- Open Access
Altered birefringence of peripapillary retinal nerve fiber layer in multiple sclerosis measured by polarization sensitive optical coherence tomography
© The Author(s). 2018
- Received: 11 February 2018
- Accepted: 2 June 2018
- Published: 17 June 2018
The retina has been used to study the pathophysiology of multiple sclerosis (MS). Peripapillary retinal nerve fiber layer (pRNFL) thinning has been suggested as an ocular biomarker of neurodegeneration in MS. The goal of this project was to determine the birefringence of the pRNFL by measuring the fiber birefringence using polarization sensitive optical coherence tomography (PS-OCT).
Sixty-six MS patients without history of optic neuritis (age: 39.9 ± 11.0 yrs. old, 53 females and 13 males) and 66 age- and gender-matched normal controls (age: 40.7 ± 11.4 yrs. old) were recruited. Custom built PS-OCT was used to measure phase retardation per unit depth (PR/UD, proportional to the birefringence) and pRNFL thickness in each quadrant of the pRNFL. In addition, clinical manifestation was used to correlate with the pRNFL birefringence.
The pRNFL was thinner in the temporal and inferior quadrants in MS patients compared with normal controls (P < 0.05). The PR/UD of the pRNFL was significantly decreased in MS patients (P < 0.05) in all quadrants except for the nasal quadrant. In both groups, the PR/UD from all four quadrants was not related to the averaged pRNFL thickness (P > 0.05). In MS patients, the PR/UD was not related to the expanded disability status scale (EDSS) nor disease duration (r ranged from − 0.17 to 0.02, P > 0.05).
This is the first study using PS-OCT to study the pRNFL birefringence in MS patients. Decreased birefringence of the pRNFL may indicate microtubule abnormality, and could be a potential biomarker for detecting early neurodegeneration in MS.
- Remitting relapsing multiple sclerosis (RRMS)
- Peripapillary retinal nerve Fiber layer (pRNFL)
- Microtubule dysfunction
- Polarization sensitive optical coherence tomography (PS-OCT)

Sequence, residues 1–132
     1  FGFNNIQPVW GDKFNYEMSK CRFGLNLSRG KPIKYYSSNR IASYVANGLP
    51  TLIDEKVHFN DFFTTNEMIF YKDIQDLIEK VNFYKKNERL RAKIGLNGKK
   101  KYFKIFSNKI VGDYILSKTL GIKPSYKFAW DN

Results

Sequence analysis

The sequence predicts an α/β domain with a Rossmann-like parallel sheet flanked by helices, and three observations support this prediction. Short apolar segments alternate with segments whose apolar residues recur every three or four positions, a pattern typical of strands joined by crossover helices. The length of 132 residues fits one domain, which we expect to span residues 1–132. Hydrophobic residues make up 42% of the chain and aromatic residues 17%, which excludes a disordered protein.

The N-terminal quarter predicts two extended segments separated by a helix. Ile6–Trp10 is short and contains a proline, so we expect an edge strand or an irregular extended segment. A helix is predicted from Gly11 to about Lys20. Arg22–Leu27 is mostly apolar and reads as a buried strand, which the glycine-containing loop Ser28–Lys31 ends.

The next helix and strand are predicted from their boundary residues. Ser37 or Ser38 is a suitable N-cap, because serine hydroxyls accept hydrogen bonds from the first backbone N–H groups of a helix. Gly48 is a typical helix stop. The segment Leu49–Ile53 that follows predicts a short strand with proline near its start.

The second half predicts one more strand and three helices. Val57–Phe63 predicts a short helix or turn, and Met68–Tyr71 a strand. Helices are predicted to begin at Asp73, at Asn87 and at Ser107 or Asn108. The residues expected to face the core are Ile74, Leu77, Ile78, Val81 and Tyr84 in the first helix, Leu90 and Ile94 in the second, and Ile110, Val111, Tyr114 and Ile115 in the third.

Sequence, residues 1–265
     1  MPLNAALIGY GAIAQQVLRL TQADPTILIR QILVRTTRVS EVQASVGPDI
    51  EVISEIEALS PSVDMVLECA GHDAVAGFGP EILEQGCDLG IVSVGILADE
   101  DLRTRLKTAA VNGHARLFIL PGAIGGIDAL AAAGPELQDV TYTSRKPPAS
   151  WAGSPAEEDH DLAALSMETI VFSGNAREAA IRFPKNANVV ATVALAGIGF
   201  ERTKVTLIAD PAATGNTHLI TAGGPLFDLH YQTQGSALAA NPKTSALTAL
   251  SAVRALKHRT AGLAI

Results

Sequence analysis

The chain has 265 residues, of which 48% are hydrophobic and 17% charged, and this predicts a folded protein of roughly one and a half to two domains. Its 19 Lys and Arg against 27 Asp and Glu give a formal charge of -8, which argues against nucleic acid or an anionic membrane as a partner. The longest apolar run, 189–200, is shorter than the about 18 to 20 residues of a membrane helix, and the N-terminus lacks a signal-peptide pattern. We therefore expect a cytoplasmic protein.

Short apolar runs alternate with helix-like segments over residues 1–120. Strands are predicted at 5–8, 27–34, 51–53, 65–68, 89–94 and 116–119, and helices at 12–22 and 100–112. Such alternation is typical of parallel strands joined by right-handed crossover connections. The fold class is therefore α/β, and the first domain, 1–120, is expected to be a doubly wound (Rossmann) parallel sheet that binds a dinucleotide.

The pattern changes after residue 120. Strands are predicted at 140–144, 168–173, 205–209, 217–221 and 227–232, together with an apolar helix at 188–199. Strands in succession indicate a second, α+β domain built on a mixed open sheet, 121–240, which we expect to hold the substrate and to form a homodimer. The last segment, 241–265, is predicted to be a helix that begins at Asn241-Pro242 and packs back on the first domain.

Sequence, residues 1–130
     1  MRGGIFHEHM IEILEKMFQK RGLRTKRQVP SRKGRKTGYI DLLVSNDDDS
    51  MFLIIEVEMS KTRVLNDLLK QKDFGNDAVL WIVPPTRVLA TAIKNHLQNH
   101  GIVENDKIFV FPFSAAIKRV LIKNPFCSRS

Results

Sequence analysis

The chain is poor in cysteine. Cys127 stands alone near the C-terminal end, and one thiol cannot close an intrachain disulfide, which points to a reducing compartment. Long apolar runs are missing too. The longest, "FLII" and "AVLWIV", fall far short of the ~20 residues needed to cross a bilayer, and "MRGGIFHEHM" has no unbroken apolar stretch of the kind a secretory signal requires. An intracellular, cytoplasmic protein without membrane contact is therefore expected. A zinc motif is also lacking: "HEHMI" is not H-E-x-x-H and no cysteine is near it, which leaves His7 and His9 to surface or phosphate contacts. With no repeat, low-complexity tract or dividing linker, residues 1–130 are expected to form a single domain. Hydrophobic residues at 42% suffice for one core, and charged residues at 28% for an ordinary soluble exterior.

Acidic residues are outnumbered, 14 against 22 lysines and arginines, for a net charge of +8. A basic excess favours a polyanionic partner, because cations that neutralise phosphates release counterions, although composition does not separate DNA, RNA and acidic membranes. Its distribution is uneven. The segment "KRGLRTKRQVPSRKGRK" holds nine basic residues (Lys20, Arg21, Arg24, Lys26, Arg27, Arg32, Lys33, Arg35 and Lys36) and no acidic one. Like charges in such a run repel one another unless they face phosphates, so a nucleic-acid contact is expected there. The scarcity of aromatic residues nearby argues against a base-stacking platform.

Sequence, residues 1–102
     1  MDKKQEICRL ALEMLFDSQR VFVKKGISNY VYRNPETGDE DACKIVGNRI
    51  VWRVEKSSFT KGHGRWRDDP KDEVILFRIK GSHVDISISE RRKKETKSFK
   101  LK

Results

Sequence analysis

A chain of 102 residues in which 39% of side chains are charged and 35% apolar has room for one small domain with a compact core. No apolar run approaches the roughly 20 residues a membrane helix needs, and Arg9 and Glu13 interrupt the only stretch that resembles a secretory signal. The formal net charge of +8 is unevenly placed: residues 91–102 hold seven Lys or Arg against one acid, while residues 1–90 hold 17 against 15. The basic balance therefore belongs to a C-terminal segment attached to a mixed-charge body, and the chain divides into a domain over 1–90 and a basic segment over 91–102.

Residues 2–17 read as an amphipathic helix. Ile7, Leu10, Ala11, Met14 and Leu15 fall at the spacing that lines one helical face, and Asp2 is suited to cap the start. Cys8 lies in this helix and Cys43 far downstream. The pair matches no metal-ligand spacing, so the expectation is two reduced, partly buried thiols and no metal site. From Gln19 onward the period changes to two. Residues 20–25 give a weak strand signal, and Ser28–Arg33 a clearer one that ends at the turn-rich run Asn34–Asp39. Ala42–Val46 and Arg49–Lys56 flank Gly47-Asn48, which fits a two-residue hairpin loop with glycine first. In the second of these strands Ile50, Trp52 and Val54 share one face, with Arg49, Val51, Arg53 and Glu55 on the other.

Multiple sclerosis (MS) is an inflammatory demyelinating disorder in which axonal degeneration is known as the main pathological substrate underlying the progressive disability in patients with MS . Visible MS lesions (focal demyelination associated with inflammation) shown on conventional magnetic resonance imaging (MRI) represent only a small fraction of MS pathology, whereas diffuse mild inflammatory degenerative alterations exist in normal appearing white and grey matters (NAWG) [2–4]. The non-conventional MRI, such as the diffusion tensor imaging (DTI) MRI, could quantify demyelization and axonal loss that is not visible on conventional MRI . Similarly, the magnetization transfer (MTR) MRI can detect microstructural damage that is strongly correlated with the percentage of residual axons and the microscopic tissue damage in NAWG . However, the DTI and MTR MRIs cannot detect axonal microstructural changes.
MS often involves the optic nerve presenting as acute optic neuritis or subclinical optic neuropathy and/or retrograde degeneration of the MS lesions within the posterior optic pathways . The peripapillary retinal nerve fiber layer (pRNFL), composed of unmyelinated axons, has been suggested as a biomarker representing the axonal degeneration in the brain of MS patients. pRNFL can be noninvasively imaged by optical coherence tomography (OCT) . However, monitoring the thickness of the pRNFL for detecting early microstructural changes of the axon may not be as sensitive. Instead, imaging its microstructural integrity may further improve the ability in detecting early axonal degeneration and monitoring the disease progression and treatment efficacy.